Gregory Gibson, associate professor of business, spoke at Tuesday’s devotional on April 10 about gaining a testimony of the truthfulness of the three witnesses of the Book of Mormon - Oliver Cowdery, Martin Harris, and David Whitmer.
He started off his talk with a question: “What is the value of an honest witness to the truth?” He compared the importance of a witness to a witness for a court case, where the solemn right of witnesses who testify in the court are given by the amendment of the United States Constitution. He said, “A powerful witness can make all the difference in a trial and the resulting verdict of a jury.”
One way to strengthen one’s testimony of the Book of Mormon is to inspect the lives of the three witnesses, Gibson suggested. “Constantly they were tested and tried and asked to deny their testimony. None of them did. They had no financial reason or reason of status to stand by their testimonies. In fact, just the opposite was true–they had every reason to deny their witnesses. … But they couldn’t because it was the truth.”
However, Gibson stated these witnesses could only be the beginning of someone’s testimony. “We have to build our own testimony of the Savior’s divinity,” he said.
Zipporah Kwok, a sophomore from Hong Kong majoring in graphic design, said, “I love how he says we have to build our own testimony. We can first rely on other people’s testimony, but one day we need to face the challenges using our own testimony.”
Applying the Alma 32 excerpt about faith being like a seed, Gibson encouraged students to give place in their hearts for the three witnesses’ testimony. “You know it’s true, not because of some logic of your intellect but because of something outside of yourself. … Deity has revealed truth to you.”
Gibson then talked about how God has given us agency that will never be taken away, and our growth of testimony depends on whether we exercise our free will and conform our life to be guided by the Spirit.
In cases where we feel we are being treated unfairly by church leaders or where we’ve suffered from physical afflictions, Gibson said we always have freedom to choose our course. “Our spiritual growth is continually dependent upon our present choices.”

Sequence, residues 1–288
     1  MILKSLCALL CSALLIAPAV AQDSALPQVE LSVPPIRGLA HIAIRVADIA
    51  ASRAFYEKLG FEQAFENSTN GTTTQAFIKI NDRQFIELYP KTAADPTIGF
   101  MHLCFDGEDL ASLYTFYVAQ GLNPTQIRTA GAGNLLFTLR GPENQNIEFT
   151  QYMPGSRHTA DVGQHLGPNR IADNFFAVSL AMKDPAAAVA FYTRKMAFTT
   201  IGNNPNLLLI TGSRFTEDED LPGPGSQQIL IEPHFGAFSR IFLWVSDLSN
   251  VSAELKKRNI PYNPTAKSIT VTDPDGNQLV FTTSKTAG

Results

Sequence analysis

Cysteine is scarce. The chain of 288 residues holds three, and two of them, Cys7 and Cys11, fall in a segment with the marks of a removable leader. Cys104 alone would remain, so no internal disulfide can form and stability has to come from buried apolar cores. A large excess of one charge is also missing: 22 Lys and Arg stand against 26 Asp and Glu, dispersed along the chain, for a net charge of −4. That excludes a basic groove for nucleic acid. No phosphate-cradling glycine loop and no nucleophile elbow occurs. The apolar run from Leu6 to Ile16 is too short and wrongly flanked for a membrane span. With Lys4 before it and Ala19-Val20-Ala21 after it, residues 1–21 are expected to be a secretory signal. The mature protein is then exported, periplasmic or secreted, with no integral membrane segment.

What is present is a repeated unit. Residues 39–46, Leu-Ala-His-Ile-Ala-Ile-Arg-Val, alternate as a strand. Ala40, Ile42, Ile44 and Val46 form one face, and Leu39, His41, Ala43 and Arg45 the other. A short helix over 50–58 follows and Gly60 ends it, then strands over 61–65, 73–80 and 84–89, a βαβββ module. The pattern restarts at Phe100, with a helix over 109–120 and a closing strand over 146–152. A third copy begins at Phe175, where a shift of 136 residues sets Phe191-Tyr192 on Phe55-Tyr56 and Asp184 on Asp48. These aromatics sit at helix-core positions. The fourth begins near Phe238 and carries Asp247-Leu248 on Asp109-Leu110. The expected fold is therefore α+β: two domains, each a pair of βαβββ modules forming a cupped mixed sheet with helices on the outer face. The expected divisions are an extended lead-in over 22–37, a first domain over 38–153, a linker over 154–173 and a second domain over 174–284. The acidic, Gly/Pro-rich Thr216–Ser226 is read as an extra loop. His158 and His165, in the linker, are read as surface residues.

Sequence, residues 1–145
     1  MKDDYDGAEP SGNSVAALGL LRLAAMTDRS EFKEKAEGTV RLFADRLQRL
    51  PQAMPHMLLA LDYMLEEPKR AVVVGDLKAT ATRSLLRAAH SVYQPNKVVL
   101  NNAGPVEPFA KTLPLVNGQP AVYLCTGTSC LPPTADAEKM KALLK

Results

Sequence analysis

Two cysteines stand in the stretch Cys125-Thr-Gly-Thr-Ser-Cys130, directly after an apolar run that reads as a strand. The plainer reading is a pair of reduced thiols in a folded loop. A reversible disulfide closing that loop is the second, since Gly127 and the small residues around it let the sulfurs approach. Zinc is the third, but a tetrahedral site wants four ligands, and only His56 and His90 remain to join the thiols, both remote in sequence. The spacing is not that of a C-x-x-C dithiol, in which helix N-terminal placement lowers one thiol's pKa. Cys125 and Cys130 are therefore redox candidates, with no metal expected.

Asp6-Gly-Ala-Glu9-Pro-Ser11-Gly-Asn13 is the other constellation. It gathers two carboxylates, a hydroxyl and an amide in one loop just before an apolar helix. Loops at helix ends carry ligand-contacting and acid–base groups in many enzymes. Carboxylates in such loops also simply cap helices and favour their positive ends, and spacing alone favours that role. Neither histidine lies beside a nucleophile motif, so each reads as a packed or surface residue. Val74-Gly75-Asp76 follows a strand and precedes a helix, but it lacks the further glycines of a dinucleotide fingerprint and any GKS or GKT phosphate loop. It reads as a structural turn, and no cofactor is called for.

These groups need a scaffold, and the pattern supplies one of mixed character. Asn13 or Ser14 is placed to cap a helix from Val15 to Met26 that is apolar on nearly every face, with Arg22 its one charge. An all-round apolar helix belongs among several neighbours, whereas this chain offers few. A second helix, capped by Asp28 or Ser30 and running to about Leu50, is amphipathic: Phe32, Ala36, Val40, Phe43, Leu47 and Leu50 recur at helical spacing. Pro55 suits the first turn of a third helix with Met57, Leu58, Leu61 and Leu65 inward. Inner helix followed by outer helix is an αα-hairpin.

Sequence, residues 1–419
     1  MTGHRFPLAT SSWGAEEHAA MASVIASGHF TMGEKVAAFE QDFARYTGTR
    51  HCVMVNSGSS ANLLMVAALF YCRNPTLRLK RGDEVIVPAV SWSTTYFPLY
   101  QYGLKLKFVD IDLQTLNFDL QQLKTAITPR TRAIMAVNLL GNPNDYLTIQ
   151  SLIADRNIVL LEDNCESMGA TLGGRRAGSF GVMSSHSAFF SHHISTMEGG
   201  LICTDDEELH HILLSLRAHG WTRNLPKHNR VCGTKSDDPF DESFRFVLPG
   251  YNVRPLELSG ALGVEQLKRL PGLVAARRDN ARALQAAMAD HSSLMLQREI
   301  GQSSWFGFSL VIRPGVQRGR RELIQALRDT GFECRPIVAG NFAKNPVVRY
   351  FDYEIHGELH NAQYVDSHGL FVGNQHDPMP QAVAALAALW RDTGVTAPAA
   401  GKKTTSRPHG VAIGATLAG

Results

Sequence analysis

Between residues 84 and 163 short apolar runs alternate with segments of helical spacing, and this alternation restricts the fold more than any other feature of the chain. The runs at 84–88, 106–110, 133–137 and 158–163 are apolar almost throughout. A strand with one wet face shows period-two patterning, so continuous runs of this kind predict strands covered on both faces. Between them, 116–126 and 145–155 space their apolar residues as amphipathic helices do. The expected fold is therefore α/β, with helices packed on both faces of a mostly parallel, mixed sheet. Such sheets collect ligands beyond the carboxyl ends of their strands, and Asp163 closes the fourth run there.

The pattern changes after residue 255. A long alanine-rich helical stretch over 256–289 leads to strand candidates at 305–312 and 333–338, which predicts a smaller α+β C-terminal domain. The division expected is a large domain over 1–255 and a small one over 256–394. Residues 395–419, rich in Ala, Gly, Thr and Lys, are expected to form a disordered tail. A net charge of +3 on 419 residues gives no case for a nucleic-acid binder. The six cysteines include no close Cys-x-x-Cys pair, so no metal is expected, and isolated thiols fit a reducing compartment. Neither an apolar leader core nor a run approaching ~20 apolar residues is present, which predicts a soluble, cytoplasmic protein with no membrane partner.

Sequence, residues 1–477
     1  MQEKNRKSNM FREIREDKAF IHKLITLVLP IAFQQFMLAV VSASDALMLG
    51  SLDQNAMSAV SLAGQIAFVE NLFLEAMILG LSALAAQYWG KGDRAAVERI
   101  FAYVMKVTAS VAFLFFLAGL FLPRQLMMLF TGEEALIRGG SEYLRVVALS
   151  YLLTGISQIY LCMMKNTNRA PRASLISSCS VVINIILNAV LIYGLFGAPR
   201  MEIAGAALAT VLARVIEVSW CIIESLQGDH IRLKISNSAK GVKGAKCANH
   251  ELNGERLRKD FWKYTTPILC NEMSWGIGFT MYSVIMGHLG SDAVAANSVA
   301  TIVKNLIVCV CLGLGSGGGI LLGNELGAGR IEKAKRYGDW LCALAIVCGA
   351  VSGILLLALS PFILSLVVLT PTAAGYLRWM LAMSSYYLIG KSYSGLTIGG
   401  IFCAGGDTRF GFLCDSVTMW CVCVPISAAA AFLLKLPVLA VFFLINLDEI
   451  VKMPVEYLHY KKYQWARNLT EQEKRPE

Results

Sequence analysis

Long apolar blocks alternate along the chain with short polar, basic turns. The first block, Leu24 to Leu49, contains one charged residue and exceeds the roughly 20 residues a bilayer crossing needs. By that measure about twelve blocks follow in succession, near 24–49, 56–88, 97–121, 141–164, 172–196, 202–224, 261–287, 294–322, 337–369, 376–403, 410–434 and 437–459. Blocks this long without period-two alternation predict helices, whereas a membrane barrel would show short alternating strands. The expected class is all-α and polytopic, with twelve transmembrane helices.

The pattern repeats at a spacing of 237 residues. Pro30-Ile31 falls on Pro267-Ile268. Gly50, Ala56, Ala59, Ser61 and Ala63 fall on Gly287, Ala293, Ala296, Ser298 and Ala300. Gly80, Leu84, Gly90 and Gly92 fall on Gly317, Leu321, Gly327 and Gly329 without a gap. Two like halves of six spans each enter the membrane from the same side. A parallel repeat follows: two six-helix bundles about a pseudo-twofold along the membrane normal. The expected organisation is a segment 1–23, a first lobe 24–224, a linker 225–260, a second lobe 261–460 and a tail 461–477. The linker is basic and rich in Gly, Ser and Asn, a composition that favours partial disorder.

When he was a student in college, Gibson read the Book of Mormon for a test in his religion class. He said, “As I read this sacred work, I remember thinking this is no ordinary work. This is different.” This experience prompted him to serve a mission.
He explained it’s important to act on the personal witnesses from God. When Gibson found his testimony in the Book of Mormon, he asked himself, “If this is true, now what?” His way of acting on what he had learned was serving a mission.
Joohee Kang, a senior from South Korea majoring in hotel management, said, “To be honest, I thought it is going to be boring when I first heard of [it]. I ended up being inspired a lot, especially when he talked about how our testimony of the Book of Mormon can be strengthened through inspecting into the three witnesses’ lives and struggles.”
“The beauty of the gospel is as we continue in the work of the Spirit, we are blessed with many more spiritual experiences. Following Alma’s analogy, these spiritual experiences turn the seed into a young sapling and then into a tree. As you continue to follow the Spirit, your testimony can become a mighty tree to bless your life and the lives of others.”